Given a choice I always would prefer to be onstage conducting a performance of a piece of mine rather than sitting out in the audience. This doesn’t mean that I am not gratefully appreciative when other conductors program something of mine. Not at all.
It’s just that I, like many composers, know that sitting in an audience while a piece of mine is being performed can be a seriously embarrassing experience. You’re out there in the hoi polloi and there is a better than fifty-fifty chance the person sitting next to you doesn’t have a clue he’s sitting NEXT TO THE COMPOSER!
This is usually what happens: You arrive at the hall about an hour before the show. Frequently there will be a pre-concert talk, during which you’ll answer questions from the stage before a hundred or so listeners. I love these folks. They are the ones who have made a genuine effort to arrive an hour early in order to learn something about what they are about to hear at the concert. They will end up being roughly ten or fifteen percent of the listeners, and they will likely be the only ones to recognize you once the performance begins.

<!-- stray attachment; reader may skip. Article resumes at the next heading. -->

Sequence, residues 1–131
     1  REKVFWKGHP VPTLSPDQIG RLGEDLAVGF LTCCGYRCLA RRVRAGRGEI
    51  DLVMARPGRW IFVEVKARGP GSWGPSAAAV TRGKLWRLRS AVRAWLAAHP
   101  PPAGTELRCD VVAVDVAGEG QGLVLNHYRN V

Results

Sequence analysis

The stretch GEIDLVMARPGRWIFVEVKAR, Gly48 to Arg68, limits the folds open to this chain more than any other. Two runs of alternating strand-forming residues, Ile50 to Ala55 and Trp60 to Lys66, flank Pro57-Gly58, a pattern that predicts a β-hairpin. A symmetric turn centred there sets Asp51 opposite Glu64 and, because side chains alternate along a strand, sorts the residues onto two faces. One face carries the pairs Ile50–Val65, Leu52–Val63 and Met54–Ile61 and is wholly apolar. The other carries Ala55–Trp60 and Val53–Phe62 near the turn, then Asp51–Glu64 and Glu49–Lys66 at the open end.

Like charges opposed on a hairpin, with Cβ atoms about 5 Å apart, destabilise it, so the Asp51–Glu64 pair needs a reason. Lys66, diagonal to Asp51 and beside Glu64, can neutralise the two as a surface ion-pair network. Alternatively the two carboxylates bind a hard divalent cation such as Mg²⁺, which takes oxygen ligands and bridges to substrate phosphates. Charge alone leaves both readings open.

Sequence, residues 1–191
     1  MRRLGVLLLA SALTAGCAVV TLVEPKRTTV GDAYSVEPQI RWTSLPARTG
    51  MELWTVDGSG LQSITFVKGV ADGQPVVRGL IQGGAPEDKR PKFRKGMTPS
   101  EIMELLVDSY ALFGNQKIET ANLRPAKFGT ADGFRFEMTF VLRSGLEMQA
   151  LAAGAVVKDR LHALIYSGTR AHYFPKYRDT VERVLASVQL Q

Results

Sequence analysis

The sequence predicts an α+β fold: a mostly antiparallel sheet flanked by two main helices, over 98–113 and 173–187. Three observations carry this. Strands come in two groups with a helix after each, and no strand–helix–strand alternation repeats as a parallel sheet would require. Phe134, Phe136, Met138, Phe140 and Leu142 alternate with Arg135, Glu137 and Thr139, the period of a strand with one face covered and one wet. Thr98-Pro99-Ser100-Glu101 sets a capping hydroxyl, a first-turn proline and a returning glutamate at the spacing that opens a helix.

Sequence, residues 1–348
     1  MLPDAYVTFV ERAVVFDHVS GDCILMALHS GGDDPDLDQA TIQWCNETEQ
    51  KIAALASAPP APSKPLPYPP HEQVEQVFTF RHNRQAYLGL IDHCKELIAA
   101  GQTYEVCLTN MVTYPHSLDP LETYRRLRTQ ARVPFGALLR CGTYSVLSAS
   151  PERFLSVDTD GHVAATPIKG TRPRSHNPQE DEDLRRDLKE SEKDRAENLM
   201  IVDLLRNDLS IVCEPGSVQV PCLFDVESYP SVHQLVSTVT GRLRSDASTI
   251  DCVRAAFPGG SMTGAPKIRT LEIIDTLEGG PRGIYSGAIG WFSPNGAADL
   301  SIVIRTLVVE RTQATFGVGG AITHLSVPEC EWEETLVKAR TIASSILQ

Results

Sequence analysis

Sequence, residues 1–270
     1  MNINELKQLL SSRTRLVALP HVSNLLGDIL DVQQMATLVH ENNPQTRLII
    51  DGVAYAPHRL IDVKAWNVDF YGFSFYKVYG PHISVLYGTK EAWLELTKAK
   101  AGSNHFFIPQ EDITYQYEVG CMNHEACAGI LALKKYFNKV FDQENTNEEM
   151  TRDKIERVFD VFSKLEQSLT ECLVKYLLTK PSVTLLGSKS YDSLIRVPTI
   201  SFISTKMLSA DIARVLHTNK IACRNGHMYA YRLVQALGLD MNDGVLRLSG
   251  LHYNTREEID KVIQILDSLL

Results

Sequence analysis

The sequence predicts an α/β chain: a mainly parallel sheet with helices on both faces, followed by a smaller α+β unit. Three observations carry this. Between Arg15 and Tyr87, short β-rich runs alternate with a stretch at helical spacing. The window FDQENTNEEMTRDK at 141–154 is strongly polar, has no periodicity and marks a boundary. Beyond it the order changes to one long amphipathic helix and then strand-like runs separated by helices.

When it’s time for the concert, you find your place in row W and quietly slide into it. The guy in the business suit in the neighboring seat nods perfunctorily to you. He doesn’t know you from Adam. (Certainly not from Adams.) All he knows is that he paid ninety bucks for tickets for himself and the wife, and before he gets to hear something he can hum he’s got to sit through some “contemporary music.” Whose idea was it to put this thing on the concert, anyway?” Little does he know that the perpetrator is right next to him.